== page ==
Allen's great circle trip

and the
Trent Severn 

Elegant Living Indoors and Out.
image_map.jpg (73646 bytes) Planned Trip route

Trent Severn, Georgian Bay
De Tour Village , Michigan

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As we departed Oswego City Marina, in a misting rain, we were confident that the weather would cooperate. On crossing  Lake Ontario two to four foot rollers with an occasional five-foot wave were encountered. The fifty-mile crossing went well and we pulled into Trenton Park Marina, Trenton, Ontario and tied up.
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customs_boat.jpg (18716 bytes) Even though we had not cleared customs, the harbormaster allowed Winston to inspect the turf. Allen left the boat with all the necessary documents to confer with customs by phone. He soon returned to the boat with the orders that neither he nor anyone else was to leave the boat until the custom agents had personally cleared the boat. The problem being that Allen declared we had a non-restricted rifle aboard. When the two custom agents arrived, they were understanding to our problem and declared that the rifle was a hunting rifle with a trigger lock and in a case. After our passports and Winston’s papers were checked and after playing with Winston, they stated that, we looked harmless and granted us entry.
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Allen saving fuel as we cross the 5000 mark.

   After our ordeal in clearing customs and passing our 5000 miles mark, we decided that it was time to eat at the highly recommended Italian restaurant on the waterfront. After a nice meal and discussion covering the day’s events we returned to the boat agreeing that we were both tired and were going to sleep in the next morning. True to our word, Winston and Lee stumbled out of bed at nine thirty only to find Allen setting with his computer working on the web site. After a few barbs of being called Rip Van Winkle, Allen finally admitted that he had only been up for a few minutes.
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tim_hortens.jpg (17328 bytes) Long over due haircuts were the first item of the day after coffee and donuts at Tim Horton’s which is the Canadian Duncan Donut. 
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Awaking the next morning, we took on the challenge of The Trent Severn Waterway. In the first two hours we negotiated five locks and motored on to Old Mill Park, Campbellford, Ontario.
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 Locks 11 & 12 at Campbellford are  flight locks meaning that the lift is so high that it takes two locks in a series to accomplish the rise.
Adjacent to the lock the Rotarians had build a foot path around the lock which we enjoyed.
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choloate.jpg (25832 bytes) Being advised not to negotiate the waterway with the heavy weekend traffic we decided to stay another day and tour the chocolate factory outlet. While we were there, we were able to sample many of the different varieties and purchase some.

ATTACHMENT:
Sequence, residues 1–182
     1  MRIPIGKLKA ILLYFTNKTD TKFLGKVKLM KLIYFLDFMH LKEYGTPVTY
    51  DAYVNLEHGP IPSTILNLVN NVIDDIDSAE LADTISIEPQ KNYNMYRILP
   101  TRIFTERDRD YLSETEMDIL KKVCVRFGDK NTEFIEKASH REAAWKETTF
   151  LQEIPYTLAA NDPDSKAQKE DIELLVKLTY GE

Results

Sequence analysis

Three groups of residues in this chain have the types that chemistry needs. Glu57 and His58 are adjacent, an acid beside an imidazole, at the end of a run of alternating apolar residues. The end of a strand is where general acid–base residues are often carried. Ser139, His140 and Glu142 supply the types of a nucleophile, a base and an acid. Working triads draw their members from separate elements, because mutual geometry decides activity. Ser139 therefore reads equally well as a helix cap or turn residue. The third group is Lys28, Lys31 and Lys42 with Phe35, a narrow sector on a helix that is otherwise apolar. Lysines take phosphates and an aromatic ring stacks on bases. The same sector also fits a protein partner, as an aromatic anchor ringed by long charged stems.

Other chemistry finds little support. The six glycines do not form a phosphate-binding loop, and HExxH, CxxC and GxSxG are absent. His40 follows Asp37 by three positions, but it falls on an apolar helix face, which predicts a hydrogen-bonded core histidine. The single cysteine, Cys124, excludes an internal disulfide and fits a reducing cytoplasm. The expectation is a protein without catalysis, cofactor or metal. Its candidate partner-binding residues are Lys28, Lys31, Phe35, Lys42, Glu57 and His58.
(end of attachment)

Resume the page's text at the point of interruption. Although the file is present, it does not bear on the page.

That evening Allen joined the millions who went to see Spiderman while Lee and Winston stayed on the boat and chilled out.
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taelor.jpg (25005 bytes) At the marina, Winston met Taelor who was spending a week’s holiday navigation the waterway with her family. They had a great time playing and Winston was sad to see them leave.
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turbuance_water.jpg (21233 bytes) Hastings Village Marina above Lock 18 offered us a look at the force of water rolling over the dams. Lock 20 was us our first gate lock. A gate lock has gates in the doors of the lock to allow water to enter the well causing turbulence near the forward gate rather than near the rear gate as in previous hydraulic locks..
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We arrived at Peterborough, the day after the weekend celebration of the hundredth year celebration of the Peterborough Lift Lock. This was a planned arrival as  the marina was completely booked for the weekend and all available docking space was packed, even with boats being rafted off. Docking at the Peterborough Marina proved to be eventful when Sheena the harbormaster tripped over the dock lines and flipped her radio into the drink. After we were tied up, she changed into makeshift swimming attire and tried searching the bottom for the radio while tethered to one of our lines. After trying many different strategies, she finally crawled out shivering and decided that the radio was gone. 
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The next day was spent changing oil and filters and doing routine maintenance, it didn't seem like we have been underway a hundred hours sense Baltimore. However, to coin an old phrase," Time sure does fly when you’re having fun."  Early the next morning we moved to the Peterborough Lift Lock.
The Peterborough Lift Lock is a national historic site of Canada and is the world’s highest hydraulic lift lock rising sixty-five feet. Imagine two large pans of water supported on large cylinders. 
As a boat enters, the pan and the gates are closed  more water is allowed into the upper pan, which causes the lower level to rise and the upper level to lower. It gives one the feeling of riding in an elevator only the cage is a pan of water.